Are You an Uninvolved Parent?

What is an Uninvolved Parent?

 Uninvolved Parenting, also known as neglectful parenting, is neither demanding nor responsive.

Not Demanding: Parents have little to no expectations for their children’s behavior.

Not Responsive: Parents are neglectful of their children’s needs.

Some examples of uninvolved parenting include:

  • “You’re on your own” mindset
  • Parents expect children to raise themselves
  • Bare minimum given for basic needs such as food, shelter and clothing
  • Little or no emotional involvement and affection
  • Parents ignore or even outright reject children
  • Little or no parental supervision
  • Parents don’t attend school events or activities
  • Parents  too overwhelmed by their own problems to deal with their children

 Why Uninvolved Parenting Happens

 This type of parenting is not always intentional. Those who display an uninvolved parenting style were often raised themselves by detached and indifferent parents. Oftentimes, parents are so overwhelmed with their own problems like being overworked, managing a household, or paying bills, that they have little to no time for their children. In other cases, a parent may struggle with mental health issues, poverty, and/or substance abuse problems.

Effects of Uninvolved Parenting on Children

Children raised by uninvolved parents tend to have a number of outcomes including:

  • Difficulty forming attachments later in life
  • Poor academic performance
  • Frequent behavior problems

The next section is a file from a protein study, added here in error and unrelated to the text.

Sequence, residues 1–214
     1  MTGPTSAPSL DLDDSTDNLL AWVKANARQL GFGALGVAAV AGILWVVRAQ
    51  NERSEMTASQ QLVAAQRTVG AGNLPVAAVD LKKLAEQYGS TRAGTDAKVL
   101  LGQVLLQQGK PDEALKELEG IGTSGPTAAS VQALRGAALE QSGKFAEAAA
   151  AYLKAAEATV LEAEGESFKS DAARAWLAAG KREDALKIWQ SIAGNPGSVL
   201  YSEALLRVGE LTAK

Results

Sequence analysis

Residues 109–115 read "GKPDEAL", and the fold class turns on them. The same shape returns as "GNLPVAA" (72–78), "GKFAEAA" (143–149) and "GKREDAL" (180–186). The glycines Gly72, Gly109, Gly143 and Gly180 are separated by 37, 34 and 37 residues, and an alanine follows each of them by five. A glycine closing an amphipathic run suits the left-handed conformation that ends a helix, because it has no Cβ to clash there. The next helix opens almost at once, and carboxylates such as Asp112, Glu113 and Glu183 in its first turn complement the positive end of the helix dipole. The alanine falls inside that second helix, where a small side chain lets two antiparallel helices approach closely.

• Emotionally withdrawn
  • Learn to provide for themselves
  • Poor self-esteem
  • Increased risk of substance abuse

How to Avoid Being an Uninvolved Parent

We can all agree that an uninvolved parenting style is not ideal, yet it is not always intentional. So how can we avoid neglectful parenting and the negative outcomes associated with it?

  • First, acknowledge it if you use this parenting style (many uninvolved parents don’t see an issue with their behavior)
  • Seek counseling or substance abuse/addiction support if necessary
  • Get involved with your kids: spend time with them (start slow if necessary)
  • Read parenting books or look into resources that help teach appropriate discipline and structure
  • Develop communication with your children

While we all want what is best for our children, we often may not see the negative effects our parenting style may have. Being involved and providing support, and love in our children’s lives will help them to be confident, healthy and resilient.


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